“I laugh because this happens so much, where the intention is well-meaning, but just because of the pathology of whiteness, they fail anyway. You have to go outside these traditional channels of the old boys club.” – Tanyaradzwa Tawengwa

“The issue I have with all these diversity initiatives is when these white organizations are programming all these minorities and people of color because their qualifications of what is good is other white people. So they want all of these minorities who have learned to sound like white people but are not white people.” – Phong Tran


STOP CATEGORIZING! Clearly I’m a fan of ‘Pose.’ I would like to take this opportunity to mention that Dominique Jackson told me that I have a “great walk” when I took her runway class at Ailey

“It’s pretty insane, like, how blind these people are to the fact that this is literally some separate but equal shit. It’s amazing to me how outside it is of their view that this like, ‘Black’ concert, ‘Asian’ concert, but ‘concert’ is still like…the white concert is still the ‘Concert’ with a capital ‘C.’”- Nick Dunston

“I’ve seen [programs] that tend to sort of pander? They’ll make a big deal of it like, oh we’re doing this thing, and the resultant effect is like, nothing. Nothing comes out of it. It’s a one time, one off kind of thing… there are no solutions or lasting impact.” – Mika Godbole

“’We’re doing a women composers concert, etc.,’…doing [that] kind of thing …it’s like the organizational way of saying, ‘We’re not racist, we have Black friends! We have fulfilled our minimum quota of having diversity.’” – Phong Tran

“The big trap I try to avoid is tokenism. You do an all-women composer concert, an all-Black composer concert. But you’re just presenting one show. It should just be something that you do.” – Armando Bayolo


What do you think about the fact that there is a database where you can search for composers by race?

“I know that this is a very delicate topic for a lot of people. It can be two things: it can be a very viable way [to include everyone] but it can also lead into the, ‘Oh are you just calling because I’m ‘this?’” – Natalie Calma

“I mean it’s like…kind of, whatever? It makes things easier for people who want to actually find artists and composers they wouldn’t have otherwise found, but it also makes it easier for other people to be fake woke. To be like, cool, we’ve met the minimum requirements, and here’s an easy way to meet the bare minimum. I feel like for me the difference between an organization that is truly, genuinely wanting to support these people is, have they spent time with the actual work and the actual artist? And they’re not just like, “Cool, we’ve only programmed you because you’re a woman, and because you’re Asian or Black.” – Phong Tran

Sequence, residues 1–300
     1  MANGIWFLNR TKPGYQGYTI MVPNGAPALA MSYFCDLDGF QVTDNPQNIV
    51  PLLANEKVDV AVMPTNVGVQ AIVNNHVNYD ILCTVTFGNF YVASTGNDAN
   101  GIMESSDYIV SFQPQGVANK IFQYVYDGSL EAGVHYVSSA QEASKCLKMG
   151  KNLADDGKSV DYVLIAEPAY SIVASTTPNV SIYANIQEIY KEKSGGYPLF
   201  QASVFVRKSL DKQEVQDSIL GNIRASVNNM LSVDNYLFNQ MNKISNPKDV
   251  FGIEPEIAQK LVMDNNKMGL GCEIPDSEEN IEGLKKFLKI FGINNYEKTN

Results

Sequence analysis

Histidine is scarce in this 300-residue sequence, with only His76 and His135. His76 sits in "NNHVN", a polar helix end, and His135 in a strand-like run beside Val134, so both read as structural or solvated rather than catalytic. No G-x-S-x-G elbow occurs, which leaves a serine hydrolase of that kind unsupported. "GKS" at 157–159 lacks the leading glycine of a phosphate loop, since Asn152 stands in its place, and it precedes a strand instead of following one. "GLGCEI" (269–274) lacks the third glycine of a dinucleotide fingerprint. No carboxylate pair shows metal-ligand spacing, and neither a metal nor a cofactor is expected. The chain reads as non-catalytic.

“I feel like it would be different if it was a collection of people of color who were creating this database for their own internal…yeah. This is weird! That’s a weird thing to do.” – Treya Lam

“We’re so deep in this shit that like,…a lot of solutions are going to come off as grotesque, but I don’t think because of the solutions themselves, but because of the problem itself, and any solution to the problem is going to come off as weird and complex as the problem itself. On one hand it’s weird that you can search by race, but it’s also like, I kind of would like to be able to do that sometimes. It’s this secreted closeted desire of mine that exists because of this fucked-up problem.” – Nick Dunston


What can we do to help ourselves and help each other?

“We’re the ones we’re waiting for, especially if you want to have that kind of ownership of space without having to answer to anybody, or having to explain to anybody…to me that’s the most exhausting thing. We must work together, that is it! And that’s how transformation has happened in history.” – Tanyaradzwa Tawengwa

“I think [we should] not be afraid to stand our ground and turn down certain things. At least for me, it has been very liberating. I understand that we have to pay our bills and exist and what not, but if we want to see a change, I think that we have to bring alarm to the fact that how it works right now: it’s not okay.” – Natalie Calma

“I feel it’s just a matter of continuing to put on our own performances and support ourselves in this. That’s how other genres have sprung out.” – Phong Tran

“I don’t only ever think of things in terms of [just] myself, when I like, accomplish something. That’s just kind of how I interpret my own existence: never just about me; it’s a lineage.” Nick Dunston

“First of all, go to people’s shows. Make it a point to do that. We’re talking about our composers and performers and the thing that isn’t talked about enough is audience members. Share their shit on social media, do shit that’s literally the click of a button, or shit that you’d be doing with your night anyway.” – Nick Dunston